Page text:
The Gettysburg Address is perhaps the most famous and often quoted speech in American history, so much so that the original intent behind Lincoln’s words has sometimes been lost or minimized by the transformation of those words from a speech given in the midst of civil war to something near to American scripture.  From time to time, we need to reexamine what Lincoln said and what his goals were when he delivered this famous little speech.

The Gettysburg address is that rare document that speaks to the moment and also to the future.  On that November day 147 years ago, Lincoln used his “few appropriate remarks” to speak to both the sacrifice of the soldiers who fought there and more generally to a nation still struggling with Civil War. What makes the Gettysburg Address the speech we fondly remember today, however, is that Lincoln wanted to talk about something beyond the cemetery he was dedicating or even the war he was defending. Lincoln spoke to what is important about America.  He talked about why this nation is the last best hope on earth, something that speaks to us as much today as it would have then.

Lincoln famously begins his speech with the words “four score and seven years ago.”  This beginning is not only stating a chronological fact, but it is taking the nation back to the founding moment, to the revolution of 1776.  The importance of 1776 is not just the event itself but also what the founders said those 87 years before.  Lincoln, by focusing on the revolution, and more specifically the Declaration of Independence, is making an argument about what America stands for.  In that same first sentence, he simply and directly states his case: “a new nation, conceived in liberty, and dedicated to the proposition that all men are created equal.”  By highlighting these words from the Declaration of Independence, he is indirectly speaking to the issue of slavery, and in doing so is trying to expand the cause of the war from just saving the union to redefining the union, or, in Lincoln’s own words, giving the nation “a new birth of freedom.”  As Gary Wills has written, “The Gettysburg Address has become an authoritative expression of the American spirit—as authoritative as the Declaration [of Independence] itself, and perhaps even more influential, since it determines how we read the Declaration.”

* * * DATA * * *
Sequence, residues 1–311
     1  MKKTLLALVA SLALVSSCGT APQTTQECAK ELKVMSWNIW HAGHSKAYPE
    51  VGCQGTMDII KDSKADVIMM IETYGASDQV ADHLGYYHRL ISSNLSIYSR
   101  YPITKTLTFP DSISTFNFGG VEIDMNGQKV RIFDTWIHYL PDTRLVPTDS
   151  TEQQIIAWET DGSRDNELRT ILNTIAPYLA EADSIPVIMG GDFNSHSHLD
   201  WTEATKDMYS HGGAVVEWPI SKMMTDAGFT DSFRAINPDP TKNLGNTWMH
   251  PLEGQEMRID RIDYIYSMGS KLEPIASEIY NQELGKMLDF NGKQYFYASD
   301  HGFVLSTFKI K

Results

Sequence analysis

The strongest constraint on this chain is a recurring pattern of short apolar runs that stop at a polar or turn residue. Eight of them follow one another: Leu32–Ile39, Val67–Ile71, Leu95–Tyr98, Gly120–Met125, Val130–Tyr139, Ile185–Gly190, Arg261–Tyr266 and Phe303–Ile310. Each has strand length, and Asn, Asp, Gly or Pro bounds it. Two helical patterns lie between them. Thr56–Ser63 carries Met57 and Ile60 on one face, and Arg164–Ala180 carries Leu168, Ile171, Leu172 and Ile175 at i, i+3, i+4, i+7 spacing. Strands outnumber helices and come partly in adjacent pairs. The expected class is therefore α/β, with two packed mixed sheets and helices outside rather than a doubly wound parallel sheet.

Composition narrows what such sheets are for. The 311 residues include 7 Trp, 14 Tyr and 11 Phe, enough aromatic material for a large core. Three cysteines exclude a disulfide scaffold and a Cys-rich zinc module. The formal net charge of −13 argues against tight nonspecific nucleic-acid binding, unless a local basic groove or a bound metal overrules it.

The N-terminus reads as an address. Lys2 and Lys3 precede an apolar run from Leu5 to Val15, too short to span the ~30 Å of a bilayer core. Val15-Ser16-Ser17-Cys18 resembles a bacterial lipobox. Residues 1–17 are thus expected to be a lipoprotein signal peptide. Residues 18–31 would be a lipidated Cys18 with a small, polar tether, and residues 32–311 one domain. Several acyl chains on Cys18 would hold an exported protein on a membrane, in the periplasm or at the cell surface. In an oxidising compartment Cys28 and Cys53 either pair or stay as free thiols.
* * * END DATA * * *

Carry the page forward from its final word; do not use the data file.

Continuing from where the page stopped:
Today it might seem strange to view the Declaration and the ideas that are found in it as controversial, but in Lincoln’s time they were controversial.  Anti-administration newspapers, both here and abroad, understood what Lincoln was saying at Gettysburg and tried to refute his argument about the importance of the Declaration.  For example, the New York World argued that the country came not from the Declaration but from the Constitution, which, they insisted, “says nothing whatsoever about the equality.”  But the Constitution was written in order to address the practical issues of government and law, and so instead of talking about the ideals of “life, liberty, and the pursuit of happiness,” the Constitution talks about “life, liberty, and property.”  The Declaration, on the other hand, spoke not to practical issues of government but rather to the reasons why this new nation needed to be conceived.  As Ronald C. White notes, “Lincoln, although admiring the Constitution, labored under its constrains for the first years of the war.  At Gettysburg, he chose to emphasize the liberties emblazoned in the Declaration of Independence.”

In the Gettysburg Address, however, Lincoln was not dismissing the Constitution in favor of the Declaration of Independence.  Instead, he was elevating the Declaration to almost equal footing with the Constitution, and claiming that it represented what his Secretary of State, William Seward, had once called “the higher law.”  The Constitution is the law of the United States, but Lincoln saw the Declaration as the spirit of United States, and he realized that in order for that nation to live, the law and the spirit must be one.  As Daniel Webster, one of Lincoln’s political heroes, put it, “liberty and Union, now and forever, one and inseparable!”

Mr. Anderegg is a Historical Interpreter at President Lincoln’s Cottage